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    Fair enough :)
Guido de Croon

What happens when two artificial-intelligence bots talk to each other? - 7 views

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    Amazing conversation...
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    hilarious !
Marion Nachon

APOD: 2012 March 12 - The Scale of the Universe Interactive - 3 views

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    The scale of Universe Interactive,
Giusi Schiavone

The importance of stupidity in scientific research. - 10 views

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    I suggest you this easy reading ( is on a peer-reviewed scientific journal, IF = 6.14)
    'We just don't know what we're doing!!!'
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    as a start of a peer reviewed paper this is an interesting first paragraph: "I recently saw an old friend for the first time in many years. We had been Ph.D. students at the same time, both studying science, although in different areas. She later dropped out of graduate school, went to Harvard Law School and is now a senior lawyer for a major environmental organization. At some point, the conversation turned to why she had left graduate school. To my utter astonishment, she said it was because it made her feel stupid. After a couple of years of feeling stupid every day, she was ready to do something else."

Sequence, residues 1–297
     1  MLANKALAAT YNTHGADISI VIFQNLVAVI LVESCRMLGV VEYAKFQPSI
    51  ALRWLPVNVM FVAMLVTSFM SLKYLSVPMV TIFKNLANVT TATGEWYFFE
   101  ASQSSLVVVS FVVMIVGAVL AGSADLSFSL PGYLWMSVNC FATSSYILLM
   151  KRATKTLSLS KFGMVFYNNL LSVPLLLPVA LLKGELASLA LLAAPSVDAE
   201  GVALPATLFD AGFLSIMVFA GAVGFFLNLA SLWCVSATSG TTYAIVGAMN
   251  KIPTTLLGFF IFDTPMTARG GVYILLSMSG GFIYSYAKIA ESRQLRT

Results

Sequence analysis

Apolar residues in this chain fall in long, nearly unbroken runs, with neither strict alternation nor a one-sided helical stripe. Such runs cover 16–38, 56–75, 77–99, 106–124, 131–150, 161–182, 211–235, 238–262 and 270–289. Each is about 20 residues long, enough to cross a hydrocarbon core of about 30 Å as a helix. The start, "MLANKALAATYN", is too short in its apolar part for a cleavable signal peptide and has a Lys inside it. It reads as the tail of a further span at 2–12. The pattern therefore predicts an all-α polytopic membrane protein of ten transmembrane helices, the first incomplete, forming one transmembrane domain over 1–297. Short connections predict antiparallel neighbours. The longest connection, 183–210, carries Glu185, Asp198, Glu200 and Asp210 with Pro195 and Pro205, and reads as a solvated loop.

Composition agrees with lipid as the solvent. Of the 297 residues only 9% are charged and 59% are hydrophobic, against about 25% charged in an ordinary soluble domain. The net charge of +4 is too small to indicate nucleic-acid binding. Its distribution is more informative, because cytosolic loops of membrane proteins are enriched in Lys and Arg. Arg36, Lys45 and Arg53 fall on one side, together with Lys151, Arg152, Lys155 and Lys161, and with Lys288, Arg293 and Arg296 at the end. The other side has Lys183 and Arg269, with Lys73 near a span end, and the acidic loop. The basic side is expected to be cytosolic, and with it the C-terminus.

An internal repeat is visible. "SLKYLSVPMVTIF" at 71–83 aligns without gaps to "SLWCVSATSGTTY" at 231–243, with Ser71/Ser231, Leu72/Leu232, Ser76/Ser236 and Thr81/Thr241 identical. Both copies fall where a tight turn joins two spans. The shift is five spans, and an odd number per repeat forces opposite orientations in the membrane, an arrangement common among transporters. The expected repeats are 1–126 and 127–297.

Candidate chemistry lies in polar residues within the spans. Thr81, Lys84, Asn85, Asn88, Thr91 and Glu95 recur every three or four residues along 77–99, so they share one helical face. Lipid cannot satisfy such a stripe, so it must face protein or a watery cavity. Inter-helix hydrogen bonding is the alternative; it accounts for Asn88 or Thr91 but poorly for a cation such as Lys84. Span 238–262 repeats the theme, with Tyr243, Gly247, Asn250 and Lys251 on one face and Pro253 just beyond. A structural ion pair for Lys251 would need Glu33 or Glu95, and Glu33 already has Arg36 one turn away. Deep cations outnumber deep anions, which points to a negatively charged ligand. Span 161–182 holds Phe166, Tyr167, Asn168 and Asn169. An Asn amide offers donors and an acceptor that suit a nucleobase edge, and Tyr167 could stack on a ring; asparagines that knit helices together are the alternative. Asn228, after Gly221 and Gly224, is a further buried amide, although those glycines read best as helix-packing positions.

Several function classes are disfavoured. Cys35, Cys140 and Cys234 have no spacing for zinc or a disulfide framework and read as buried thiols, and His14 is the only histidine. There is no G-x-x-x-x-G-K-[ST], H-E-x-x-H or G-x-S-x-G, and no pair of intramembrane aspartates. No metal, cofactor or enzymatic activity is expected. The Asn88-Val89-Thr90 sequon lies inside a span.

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    Hilarious! Mr Schwartz, who made a PhD at Stanford(!) and apparently is working as a postdoc now, has finally discovered what science is about!!! Quote: "That's when it hit me: nobody did. That's why it was a research problem." And he seems so excited about it! I think he should not only get published in 6.14 journal, but also get the Nobel Prize immediately!